Here, we’ve compiled a list of the best Lisa Jewell Quotes. Let’s look at these pieces of wisdom. We definitely have something to learn from them!
All my main characters have got bits of me, bits of my family, bits of my friends.
A strange side effect of sudden success is the sense that if you can succeed in one field, then it might well be worth trying to succeed in another.
You feel undervalued when you write the kind of fiction I write.
Ever since ‘Single White Female,’ the 1990 novel which was turned into a supremely scary film, the idea of a seemingly normal woman who will stop at nothing to get what she wants has become an abiding literary trope.
Every time I’ve written a book, I’m like, ‘Oh, it’s so different from the last one. Are they going to like it?’
If you feel that your father was lacking as a husband, it affects your own choice of man.
There’s something uniquely unsettling about the unhinged woman on a single-minded mission. Especially when she’s the last person you ever imagined to harbour a dark and seething soul.
I changed my mind about being a famous pop star when I realised that it meant I’d never be able to get on the Tube again.
When I was a little girl, I was a real, drippy bookworm. But when I went into fashion, I stopped reading.
When I travel, I can leave everything at home apart from books. I curate my holiday reading rigorously and would be devastated if I found I’d left one at home.
My mother’s childhood was complex, disjointed, and disturbing. As children, we would gather round and ask her to tell us again and again The Story of Her Childhood. It was Grimmsian, Andersenesque: a classic fairy tale replete with goodies and baddies.
My mother died in 2005. She was 61 years old.
People with big ideas worry. They lie awake at night and fret as they try to climb up the social or financial ladder. They probably feel proud of themselves for what they’ve achieved, but I’m proud of the fact that I’ve done very little – and hence have little to worry about – and I’ve still got somewhere.
Sometimes you need to be shaken out of a situation.
I don’t really get into a writing routine until March or April, when I’ll write a few hundred words a day, often in a cafe in the morning after the school run.
I am a terrible, terrible typist. I could not have been a writer in the age of typewriters.
My marriage is far from perfect. We’re not hand-holdy and soft. We are snippy and bickery. We sleep in separate beds because we have no tolerance of each other’s night-time idiosyncrasies.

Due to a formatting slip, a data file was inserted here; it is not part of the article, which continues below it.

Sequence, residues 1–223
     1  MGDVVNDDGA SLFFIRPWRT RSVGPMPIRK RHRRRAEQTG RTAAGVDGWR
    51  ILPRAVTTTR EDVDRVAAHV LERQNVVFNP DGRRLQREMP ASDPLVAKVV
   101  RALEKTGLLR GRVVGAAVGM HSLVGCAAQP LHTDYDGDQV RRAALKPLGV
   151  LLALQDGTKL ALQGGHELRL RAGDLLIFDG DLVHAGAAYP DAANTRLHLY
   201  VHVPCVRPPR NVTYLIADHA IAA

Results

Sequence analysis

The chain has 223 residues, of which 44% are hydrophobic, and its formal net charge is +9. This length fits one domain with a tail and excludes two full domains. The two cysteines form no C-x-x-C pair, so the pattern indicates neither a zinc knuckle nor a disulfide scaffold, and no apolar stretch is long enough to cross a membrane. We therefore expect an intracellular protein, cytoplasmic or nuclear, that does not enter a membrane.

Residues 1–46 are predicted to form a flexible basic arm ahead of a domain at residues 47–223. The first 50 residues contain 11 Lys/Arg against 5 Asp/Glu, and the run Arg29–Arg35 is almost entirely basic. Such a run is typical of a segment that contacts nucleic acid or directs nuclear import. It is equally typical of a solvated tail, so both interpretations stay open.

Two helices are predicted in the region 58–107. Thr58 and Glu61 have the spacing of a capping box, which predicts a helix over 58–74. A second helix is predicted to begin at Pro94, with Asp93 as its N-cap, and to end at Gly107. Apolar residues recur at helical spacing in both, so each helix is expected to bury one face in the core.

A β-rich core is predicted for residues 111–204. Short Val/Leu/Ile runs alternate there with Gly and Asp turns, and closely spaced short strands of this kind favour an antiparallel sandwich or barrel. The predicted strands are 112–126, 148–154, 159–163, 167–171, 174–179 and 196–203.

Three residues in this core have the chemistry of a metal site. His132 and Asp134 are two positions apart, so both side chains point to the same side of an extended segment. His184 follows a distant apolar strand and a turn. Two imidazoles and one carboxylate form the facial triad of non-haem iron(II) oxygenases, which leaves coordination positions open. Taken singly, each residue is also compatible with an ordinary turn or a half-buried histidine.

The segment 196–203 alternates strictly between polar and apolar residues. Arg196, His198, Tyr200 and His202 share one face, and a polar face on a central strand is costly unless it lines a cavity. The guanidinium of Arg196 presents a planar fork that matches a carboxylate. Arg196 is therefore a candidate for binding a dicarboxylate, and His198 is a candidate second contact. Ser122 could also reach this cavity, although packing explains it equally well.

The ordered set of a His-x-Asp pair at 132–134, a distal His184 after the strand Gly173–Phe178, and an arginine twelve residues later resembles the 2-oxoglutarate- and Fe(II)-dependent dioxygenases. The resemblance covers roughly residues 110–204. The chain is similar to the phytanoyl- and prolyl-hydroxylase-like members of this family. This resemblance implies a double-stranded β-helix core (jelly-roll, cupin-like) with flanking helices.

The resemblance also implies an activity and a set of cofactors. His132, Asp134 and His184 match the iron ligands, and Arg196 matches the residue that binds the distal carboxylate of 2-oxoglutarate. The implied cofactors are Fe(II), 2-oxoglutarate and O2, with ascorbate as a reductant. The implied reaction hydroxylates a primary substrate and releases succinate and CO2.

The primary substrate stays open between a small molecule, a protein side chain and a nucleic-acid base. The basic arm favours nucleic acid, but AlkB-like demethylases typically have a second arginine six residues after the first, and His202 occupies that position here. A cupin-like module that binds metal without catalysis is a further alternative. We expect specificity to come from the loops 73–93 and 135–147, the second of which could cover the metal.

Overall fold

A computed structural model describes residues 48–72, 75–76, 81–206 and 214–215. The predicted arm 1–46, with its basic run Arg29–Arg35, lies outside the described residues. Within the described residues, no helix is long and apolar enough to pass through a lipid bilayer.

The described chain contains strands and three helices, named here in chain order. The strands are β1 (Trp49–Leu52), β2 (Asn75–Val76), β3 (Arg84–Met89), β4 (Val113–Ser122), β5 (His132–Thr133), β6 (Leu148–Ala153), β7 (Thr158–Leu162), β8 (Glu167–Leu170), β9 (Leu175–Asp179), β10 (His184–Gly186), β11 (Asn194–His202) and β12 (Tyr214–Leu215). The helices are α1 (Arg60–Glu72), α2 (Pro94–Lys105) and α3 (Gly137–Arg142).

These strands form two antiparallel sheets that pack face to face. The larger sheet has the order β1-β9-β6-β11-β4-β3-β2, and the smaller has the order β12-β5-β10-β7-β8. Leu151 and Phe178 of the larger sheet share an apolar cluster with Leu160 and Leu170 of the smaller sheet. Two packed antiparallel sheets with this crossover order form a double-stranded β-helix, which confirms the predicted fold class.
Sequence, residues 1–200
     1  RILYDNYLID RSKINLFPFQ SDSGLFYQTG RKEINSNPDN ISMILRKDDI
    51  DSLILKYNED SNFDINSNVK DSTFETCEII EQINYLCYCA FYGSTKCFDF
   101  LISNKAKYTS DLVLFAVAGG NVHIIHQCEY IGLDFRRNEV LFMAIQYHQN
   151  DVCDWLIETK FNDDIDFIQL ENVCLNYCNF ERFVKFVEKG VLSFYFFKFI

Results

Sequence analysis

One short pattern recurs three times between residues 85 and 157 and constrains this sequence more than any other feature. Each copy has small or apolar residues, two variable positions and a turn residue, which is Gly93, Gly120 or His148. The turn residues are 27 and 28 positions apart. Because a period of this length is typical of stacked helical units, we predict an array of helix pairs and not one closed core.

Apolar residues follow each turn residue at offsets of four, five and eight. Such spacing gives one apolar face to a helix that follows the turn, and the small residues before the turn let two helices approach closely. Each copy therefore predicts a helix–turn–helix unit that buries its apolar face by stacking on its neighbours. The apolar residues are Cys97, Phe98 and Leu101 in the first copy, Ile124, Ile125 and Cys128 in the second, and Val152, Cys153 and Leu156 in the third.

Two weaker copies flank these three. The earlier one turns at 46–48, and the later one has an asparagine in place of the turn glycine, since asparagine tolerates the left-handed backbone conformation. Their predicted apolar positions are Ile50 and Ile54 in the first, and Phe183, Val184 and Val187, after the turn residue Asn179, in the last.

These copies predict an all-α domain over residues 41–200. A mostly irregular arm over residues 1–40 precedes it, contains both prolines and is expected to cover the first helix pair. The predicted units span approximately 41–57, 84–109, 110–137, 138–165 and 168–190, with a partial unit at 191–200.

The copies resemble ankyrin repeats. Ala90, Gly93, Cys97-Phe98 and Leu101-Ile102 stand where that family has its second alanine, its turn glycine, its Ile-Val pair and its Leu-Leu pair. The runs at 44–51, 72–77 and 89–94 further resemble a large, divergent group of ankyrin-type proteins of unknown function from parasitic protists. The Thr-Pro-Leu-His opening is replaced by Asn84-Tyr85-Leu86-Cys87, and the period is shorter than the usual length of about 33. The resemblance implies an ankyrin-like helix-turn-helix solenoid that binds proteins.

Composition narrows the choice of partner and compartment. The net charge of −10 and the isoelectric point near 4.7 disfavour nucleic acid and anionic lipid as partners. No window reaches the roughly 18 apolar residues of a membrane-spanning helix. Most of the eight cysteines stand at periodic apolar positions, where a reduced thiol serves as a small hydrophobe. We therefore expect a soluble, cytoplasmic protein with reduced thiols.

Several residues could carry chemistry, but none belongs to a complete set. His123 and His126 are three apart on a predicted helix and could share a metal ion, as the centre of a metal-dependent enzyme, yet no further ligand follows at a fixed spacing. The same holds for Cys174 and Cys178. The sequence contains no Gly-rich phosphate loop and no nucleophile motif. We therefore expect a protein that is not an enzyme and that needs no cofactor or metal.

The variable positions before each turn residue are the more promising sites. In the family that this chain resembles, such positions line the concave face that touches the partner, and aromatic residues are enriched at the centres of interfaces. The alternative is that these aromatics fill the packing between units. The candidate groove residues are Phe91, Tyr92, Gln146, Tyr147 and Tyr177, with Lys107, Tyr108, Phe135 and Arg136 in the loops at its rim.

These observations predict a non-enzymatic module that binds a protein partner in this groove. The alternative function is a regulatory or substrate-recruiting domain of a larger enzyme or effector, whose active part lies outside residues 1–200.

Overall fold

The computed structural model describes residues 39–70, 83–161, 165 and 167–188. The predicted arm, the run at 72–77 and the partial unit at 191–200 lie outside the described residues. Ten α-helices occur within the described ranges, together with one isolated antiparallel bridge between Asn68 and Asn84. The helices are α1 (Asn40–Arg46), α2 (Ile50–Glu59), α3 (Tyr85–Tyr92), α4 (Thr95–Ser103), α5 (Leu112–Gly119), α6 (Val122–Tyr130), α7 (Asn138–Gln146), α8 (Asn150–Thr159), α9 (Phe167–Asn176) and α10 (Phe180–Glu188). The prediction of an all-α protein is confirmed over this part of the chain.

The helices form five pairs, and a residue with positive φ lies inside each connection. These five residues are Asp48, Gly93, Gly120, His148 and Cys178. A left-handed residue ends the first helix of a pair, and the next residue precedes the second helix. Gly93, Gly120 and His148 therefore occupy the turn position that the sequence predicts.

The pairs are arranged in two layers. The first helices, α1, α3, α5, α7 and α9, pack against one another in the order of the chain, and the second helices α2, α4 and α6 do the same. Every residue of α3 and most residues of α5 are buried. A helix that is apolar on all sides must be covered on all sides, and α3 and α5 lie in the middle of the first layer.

In 1995, I was 27, and I completely got caught up in Blur and Oasis and the fashion of the time.
I never had one of those glorious young bodies that make older men and women weep. So I don’t tend to look back with nostalgia or yearn for what I’ve lost. Because it was never all that.
I would never, for the sake of the story or a twist, have a character do something that they just wouldn’t do. I really couldn’t. I’d rather miss out on the twist.
Flowers would be wasted on me. I don’t like valentines. I don’t need gifts. I’m a pragmatic romantic.
Every brilliant book I read is an influence and an inspiration. As is every brilliant movie I watch and every brilliant box set.
Publishers have published women’s fiction into a corner, and now we are all trying to punch our way out of it. We just have to write the best books we possibly can and hope that, once the pink covers and Bridget Jones have faded from memory, we might finally be allowed just to be called writers.
Writing a book is not easy.
My husband loves having his own room.
My parents’ marriage was, on an aesthetic level, very pleasing to behold.
There are people out there who would enjoy my books but wouldn’t pick them up because they think it’s not going to be for them. I find it infuriating.There’s a lot more going on in my books than just romance.
I knew I wasn’t the sort of person who could do a full-time job and write in the evening and at weekends.
It wasn’t until I was 23 and got married to a guy who was really bookish that I got completely hooked on reading and writing again. He had so many paperbacks, I didn’t have to buy a book for four and a half years.
Nick Hornby’s a genius.
I must always, always have a box of Extra chewing gum in my bag because I have developed a terrible cheek-chewing compulsion. It’s not only uncomfortable, but I look really weird when I’m doing it, and chewing gum is the only way I can stop myself.
People say ‘chick lit,’ and what they mean is ‘crap.’ And so even though you might sell 100,000 copies of a book, you’re never going to win a prize. These are books that people don’t just read, they devour them – they stay up into the early hours because they want to devour them.
Whenever I watch any kind of competition, my immediate reaction when they call out the name of the winner is to look at the loser.
I write in cafes, never at home. I cannot focus at home, am forever getting off my chair to do other things. In a cafe, I have to sit still, or I’ll look a bit unhinged.
Agents and publishers are always looking for something ‘different,’ a fresh viewpoint and a new voice, not just re-hashed versions of stuff that’s gone before.
If you can start and finish a book, then you’re already a million miles ahead of all those people who talk about wanting to write a book.
Everyone thinks they’ve got a book inside them.
I always wanted to write psychological thrillers.
There’s a weird contrast between my usual daily routine and then my book coming out. It’s like someone’s just suddenly opened the curtains in a dark room, and everyone’s looking at you.
I don’t think my first book was chick lit.